29 Jan 2010 @ 9:39 AM 

Local: Come Drink My Beer


If you’re in North Carolina, especially the Central part, you should consider putting the evening of February 20th aside and heading over to Chapel Hill.

Why? To drink my beer, of course.

It’s part two of the “World Home Brew Fest“. Nah, I don’t know why it’s worldly, either, but I know that it’s as local as local beer gets. Last time there were roughly 15 homebrewers showing off their beers and this time there promises to be more. I’ll be pouring two beers – one on behalf of the burgeoning Chapel Hill/Carrboro Homebrew Club … which may be called Orange County Homebrewers or something like that now. I’m not sure – regardless! We made a Dry Irish Stout at my house with little incident, and I’ll be pouring that. In addition, I’ll be pouring an Abbey-style Dubbel which is currently being aged with oak, bourbon, and vanilla. That should taste like cookies, and you should come drink it.

So come on down! February 20. Drink my beer and the beer of many talented homebrewers, make a little donation to MS to make the event planners happy, come have a blast, and say hi.

Get your (free) tickets online.

Tags Tags: , , ,
Categories: beer festival, homebrew, RDU
Posted By: erik
Last Edit: 29 Jan 2010 @ 09 39 AM


Responses to this post » (3 Total)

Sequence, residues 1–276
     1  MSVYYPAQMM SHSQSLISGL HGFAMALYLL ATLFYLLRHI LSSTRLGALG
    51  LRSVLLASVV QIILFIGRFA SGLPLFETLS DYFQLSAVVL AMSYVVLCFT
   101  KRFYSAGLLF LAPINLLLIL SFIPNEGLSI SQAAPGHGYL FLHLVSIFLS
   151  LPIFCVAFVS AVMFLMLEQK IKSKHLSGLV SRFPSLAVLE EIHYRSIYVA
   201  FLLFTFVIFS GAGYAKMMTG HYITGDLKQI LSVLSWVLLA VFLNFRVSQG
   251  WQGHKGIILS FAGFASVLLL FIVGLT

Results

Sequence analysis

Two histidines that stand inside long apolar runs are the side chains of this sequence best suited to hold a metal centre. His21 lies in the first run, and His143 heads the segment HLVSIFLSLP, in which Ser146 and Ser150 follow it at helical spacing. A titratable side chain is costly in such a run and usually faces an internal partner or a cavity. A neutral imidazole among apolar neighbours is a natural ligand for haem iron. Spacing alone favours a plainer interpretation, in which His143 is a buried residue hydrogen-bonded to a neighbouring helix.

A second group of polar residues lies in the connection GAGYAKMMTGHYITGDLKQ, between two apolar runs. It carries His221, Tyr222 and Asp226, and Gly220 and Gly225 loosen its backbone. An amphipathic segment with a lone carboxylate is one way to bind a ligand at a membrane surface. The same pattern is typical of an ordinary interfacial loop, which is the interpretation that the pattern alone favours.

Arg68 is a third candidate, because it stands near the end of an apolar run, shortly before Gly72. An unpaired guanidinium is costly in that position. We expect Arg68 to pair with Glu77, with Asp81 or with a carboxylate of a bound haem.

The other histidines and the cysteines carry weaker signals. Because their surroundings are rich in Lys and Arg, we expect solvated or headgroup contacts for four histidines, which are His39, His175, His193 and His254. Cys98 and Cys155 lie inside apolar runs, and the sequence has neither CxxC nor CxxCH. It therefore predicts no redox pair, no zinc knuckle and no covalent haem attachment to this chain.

1. Jen and I will be pouring an India Brown Ale at the fest. Our first ever public tasting!

  2. Larry says:

    This works great! I happen to have an endless supply of spent grain. Surf Brewery in Ventura allows me to take a zip lock bag full each time they brew. I have tweak the recipe slightly, I cut the flower down to 3 cups, I use 3/4 cup of grain, I add 1 teaspoon of sugar. I only mix the flour and the grain in one bowl the rest goes in another. My water temp is 85 degrees, I let the yeast, water, sugar and salt sit together for ten min. Then we mix it all up and!!! Perfect loaf every time. I make four loafs a week half for me and half for the grain man! Thanks for the grain Luke!

  3. Cassia says:

    It is a dissociation of risk which eeegndnrs corruption. Congratulations to the French and Germans for recognizing this obvious conclusion. It’s unfortunate that the Americans and English missed it.Well, at least someone understands that experts are also stakeholders, and should not be wholly exempt from experiencing the consequences from the risk their analysis is intended to mitigate. The formation of a standards or internal investigation committee is long overdue.Incidentally, it was this same dissociation which was the cause of the global crises. It manufactured an effective virtual environment where the normal feedback mechanisms were either bypassed or subverted. This motivated a progressive corruption from the richest to poorest.

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